Begging Letter #4: Tree-Climbing Sheep

In the 15th Century, Blackwood is plagued by malicious faeries, as everyone who lives there knows. Everyone except the Lord of Blackwood, that is, who refuses to believe there is such a thing…

Petition presented to Thomas the Castellan by Marcus Meadows:

Mr Meadows lost three of his sheep while out grazing. When he returned through the woods he found all three sheep stuck high up on tree branches. It took him all afternoon to free them. He demanded a full investigation.

(The Lord of Blackwood was informed of this petition and dismissed the claim as foul play. Mr Meadows was asked to go away and think about whether he had recently offended anyone.)

Looking back through the archives, there are hundreds of petitions from the villagers to the Lord of Blackwood (via his Castellan), begging him do something to make their village a safer place. The Castellan does not even pass many of them on. We can read from this that he knows very well what his master would say if he presented them. The gravity of the matters mentioned in the petitions varies and, indeed, some could be attributed to vivid imaginations at work. Other, like the tragic case of the Crumb family in 1413 are harder to dismiss.

I will be sharing some of the appeals with you here (edited for the modern reader). You can make up your own mind.

by Dr Melchior Williams (Co-Author of ‘The Blackwood Crusade’ a medieval fairytale based on his discovery of the intriguing Blackwood Archives)

Engraving: ‘The Lost Sheep’ by Sir John Everett Millais


‘THE BLACKWOOD CRUSADE’

(Paperback and Kindle) is available at AMAZON.COM and AMAZON.CO.UK

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Begging Letter #3: What shall we do with the Drunken Soldier?

fairie-funeral.jpg

by Dr Melchior Williams (Co-Author of ‘The Blackwood Crusade’ a medieval fairytale based on his discovery of the intriguing Blackwood Archives)


In the 15th Century, Blackwood is plagued by malicious faeries, as everyone who lives there knows. Everyone except the Lord of Blackwood, that is, who refuses to believe there is such a thing.

Looking back through the archives, there are hundreds of petitions from the villagers to the Lord of Blackwood (via his Castellan), begging him do something to make their village a safer place. The Castellan does not even pass many of them on. We can read from this that he knows very well what his master would say if he presented them. The gravity of the matters mentioned in the petitions varies and, indeed, some could be attributed to vivid imaginations at work. Other, like the tragic case of the Crumb family in 1413 are harder to dismiss.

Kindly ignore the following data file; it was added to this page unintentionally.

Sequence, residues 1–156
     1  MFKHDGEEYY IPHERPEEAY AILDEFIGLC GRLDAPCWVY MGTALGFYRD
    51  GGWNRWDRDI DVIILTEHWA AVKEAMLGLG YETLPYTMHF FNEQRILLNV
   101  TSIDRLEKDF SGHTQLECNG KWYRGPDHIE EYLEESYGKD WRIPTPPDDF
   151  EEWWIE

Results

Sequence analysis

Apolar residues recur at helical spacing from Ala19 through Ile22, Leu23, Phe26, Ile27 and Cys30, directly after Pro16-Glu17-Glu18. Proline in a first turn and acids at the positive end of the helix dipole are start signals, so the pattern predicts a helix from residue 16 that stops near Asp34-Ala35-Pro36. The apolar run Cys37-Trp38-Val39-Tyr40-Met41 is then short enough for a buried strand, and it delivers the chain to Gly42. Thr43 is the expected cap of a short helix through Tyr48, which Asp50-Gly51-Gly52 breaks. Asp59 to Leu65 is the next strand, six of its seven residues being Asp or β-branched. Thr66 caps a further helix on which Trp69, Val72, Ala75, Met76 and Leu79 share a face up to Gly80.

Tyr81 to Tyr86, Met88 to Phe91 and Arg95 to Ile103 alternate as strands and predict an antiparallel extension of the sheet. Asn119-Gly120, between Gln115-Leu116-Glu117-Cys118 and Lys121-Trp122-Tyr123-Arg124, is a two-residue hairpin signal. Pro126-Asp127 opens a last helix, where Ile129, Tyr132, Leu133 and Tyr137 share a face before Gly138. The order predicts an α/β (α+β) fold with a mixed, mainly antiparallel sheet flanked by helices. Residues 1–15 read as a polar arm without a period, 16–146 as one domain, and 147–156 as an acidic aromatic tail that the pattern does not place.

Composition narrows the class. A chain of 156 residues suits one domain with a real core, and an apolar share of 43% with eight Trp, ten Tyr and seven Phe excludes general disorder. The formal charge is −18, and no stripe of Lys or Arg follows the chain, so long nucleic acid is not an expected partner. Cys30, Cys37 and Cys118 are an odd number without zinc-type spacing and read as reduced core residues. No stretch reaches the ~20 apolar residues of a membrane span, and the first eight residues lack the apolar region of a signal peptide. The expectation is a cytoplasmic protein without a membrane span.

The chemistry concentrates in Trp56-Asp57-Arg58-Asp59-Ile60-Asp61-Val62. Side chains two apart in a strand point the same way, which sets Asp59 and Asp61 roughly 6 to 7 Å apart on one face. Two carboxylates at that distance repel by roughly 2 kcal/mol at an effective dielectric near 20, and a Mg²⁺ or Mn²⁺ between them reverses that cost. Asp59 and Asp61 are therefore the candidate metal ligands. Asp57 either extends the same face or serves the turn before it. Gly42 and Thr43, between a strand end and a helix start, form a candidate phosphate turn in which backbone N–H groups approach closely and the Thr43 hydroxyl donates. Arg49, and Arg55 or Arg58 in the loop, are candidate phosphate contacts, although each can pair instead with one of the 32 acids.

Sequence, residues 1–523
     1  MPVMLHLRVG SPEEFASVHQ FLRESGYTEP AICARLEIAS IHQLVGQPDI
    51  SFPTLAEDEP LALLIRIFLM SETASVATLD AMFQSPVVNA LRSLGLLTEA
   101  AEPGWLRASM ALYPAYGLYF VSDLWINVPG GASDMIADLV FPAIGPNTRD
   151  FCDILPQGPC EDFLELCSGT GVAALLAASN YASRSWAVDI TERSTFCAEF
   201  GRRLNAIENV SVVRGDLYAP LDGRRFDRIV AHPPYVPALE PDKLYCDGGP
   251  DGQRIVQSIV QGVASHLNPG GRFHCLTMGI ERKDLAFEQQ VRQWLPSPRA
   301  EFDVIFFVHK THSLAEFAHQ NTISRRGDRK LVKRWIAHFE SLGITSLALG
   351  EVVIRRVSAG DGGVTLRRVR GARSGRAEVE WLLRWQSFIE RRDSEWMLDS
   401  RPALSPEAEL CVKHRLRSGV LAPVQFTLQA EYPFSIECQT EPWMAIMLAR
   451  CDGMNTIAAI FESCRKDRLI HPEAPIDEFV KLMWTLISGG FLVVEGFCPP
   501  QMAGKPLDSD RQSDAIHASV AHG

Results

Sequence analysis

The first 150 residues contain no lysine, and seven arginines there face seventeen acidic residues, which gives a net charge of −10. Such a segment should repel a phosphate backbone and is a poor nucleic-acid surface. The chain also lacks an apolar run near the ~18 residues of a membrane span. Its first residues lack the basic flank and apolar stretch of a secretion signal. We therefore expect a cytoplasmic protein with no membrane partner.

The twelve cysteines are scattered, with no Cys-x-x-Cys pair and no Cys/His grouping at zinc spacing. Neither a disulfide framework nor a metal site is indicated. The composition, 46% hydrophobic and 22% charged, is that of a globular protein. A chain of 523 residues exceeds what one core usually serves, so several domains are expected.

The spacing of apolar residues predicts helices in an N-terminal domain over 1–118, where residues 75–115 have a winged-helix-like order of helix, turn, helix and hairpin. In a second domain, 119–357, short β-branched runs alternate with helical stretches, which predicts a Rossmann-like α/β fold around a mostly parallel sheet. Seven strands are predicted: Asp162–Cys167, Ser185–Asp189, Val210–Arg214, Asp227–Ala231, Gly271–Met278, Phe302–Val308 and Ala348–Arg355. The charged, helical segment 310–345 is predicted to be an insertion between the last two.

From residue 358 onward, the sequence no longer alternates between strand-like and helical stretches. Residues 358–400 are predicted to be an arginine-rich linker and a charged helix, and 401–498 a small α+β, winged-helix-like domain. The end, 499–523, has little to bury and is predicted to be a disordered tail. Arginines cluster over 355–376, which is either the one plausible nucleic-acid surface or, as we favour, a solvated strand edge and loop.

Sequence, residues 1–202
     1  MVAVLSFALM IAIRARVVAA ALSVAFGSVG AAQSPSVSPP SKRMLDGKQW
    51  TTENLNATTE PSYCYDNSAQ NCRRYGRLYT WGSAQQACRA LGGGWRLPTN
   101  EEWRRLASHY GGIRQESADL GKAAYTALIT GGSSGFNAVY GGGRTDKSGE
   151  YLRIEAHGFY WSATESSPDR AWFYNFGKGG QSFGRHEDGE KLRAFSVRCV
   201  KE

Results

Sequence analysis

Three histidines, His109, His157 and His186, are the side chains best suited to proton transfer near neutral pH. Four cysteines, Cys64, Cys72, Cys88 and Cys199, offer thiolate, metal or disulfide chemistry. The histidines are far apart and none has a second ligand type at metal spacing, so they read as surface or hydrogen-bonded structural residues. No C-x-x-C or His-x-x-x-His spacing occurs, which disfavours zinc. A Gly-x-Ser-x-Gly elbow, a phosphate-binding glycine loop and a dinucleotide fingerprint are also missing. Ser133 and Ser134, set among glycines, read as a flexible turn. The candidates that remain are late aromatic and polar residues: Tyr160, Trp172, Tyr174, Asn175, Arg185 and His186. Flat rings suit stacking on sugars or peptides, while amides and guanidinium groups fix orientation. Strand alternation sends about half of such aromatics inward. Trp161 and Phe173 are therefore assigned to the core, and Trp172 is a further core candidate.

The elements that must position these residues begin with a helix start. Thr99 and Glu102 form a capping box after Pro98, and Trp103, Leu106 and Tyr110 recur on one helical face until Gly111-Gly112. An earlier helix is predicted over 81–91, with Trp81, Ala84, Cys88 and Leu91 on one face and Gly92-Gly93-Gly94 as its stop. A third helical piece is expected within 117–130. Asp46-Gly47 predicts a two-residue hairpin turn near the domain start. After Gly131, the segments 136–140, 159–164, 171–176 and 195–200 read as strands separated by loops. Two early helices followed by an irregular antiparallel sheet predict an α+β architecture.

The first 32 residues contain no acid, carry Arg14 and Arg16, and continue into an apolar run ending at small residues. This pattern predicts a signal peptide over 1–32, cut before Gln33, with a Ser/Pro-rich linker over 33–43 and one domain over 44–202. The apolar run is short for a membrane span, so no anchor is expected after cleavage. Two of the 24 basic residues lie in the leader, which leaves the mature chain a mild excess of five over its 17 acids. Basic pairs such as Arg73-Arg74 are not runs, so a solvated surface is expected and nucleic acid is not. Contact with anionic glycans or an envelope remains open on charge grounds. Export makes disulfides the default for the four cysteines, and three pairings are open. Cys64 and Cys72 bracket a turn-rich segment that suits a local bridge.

I will be sharing some of the appeals with you here (edited for the modern reader). You can make up your own mind.

Petition presented to Thomas the Castellan by Balrick Broadback:

Soldier Broadback reported seeing strange lights flashing in the Black Wood whilst on watch on Monday eve. The lights continued all through the night. He requests a patrol of the surrounding area.

(The Lord of Blackwood was informed of this petition and Soldier Broadback was dismissed from service for drunkenness.)

Painting by John Anster Fitzgerald


‘THE BLACKWOOD CRUSADE’

(Paperback and Kindle) is available at AMAZON.COM and AMAZON.CO.UK

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Alternative Fact #3 from ‘Blackwood’

Friend or Foe

THE NATURE OF TREES: FRIEND OR FOE?

It had been a long time since Christina neglected to pay her faerie toll when traveling through the woods so, for a moment, she dithered, unsure of how effective her new ring of invisibility was. Passing by the Toll Tree, she became a young girl with all her old fears, at the very birth of her quest. All the battles and triumphs between then and now seemed suddenly irrelevant, for this… this was the Black Wood, and home to Gallus, whose memory still turned Christina’s very core into an icicle. Continue reading

Alternative Fact #2 from ‘Blackwood’

Luttrell Psalter carriage

Mab was so pleased to see Silas that she grabbed his hands and told him the story at great speed. Continue reading

Alternative Fact #1 from ‘Blackwood’

 

Guy Garderobe

Christina realised her chances of getting away unscathed were hideously low without some kind of brilliant intervention, but her mind was so busy being terrified it couldn’t think of anything brilliant. So, instead, she settled for the oldest trick in the book which, at that point of time, was not very old at all.[1]

Continue reading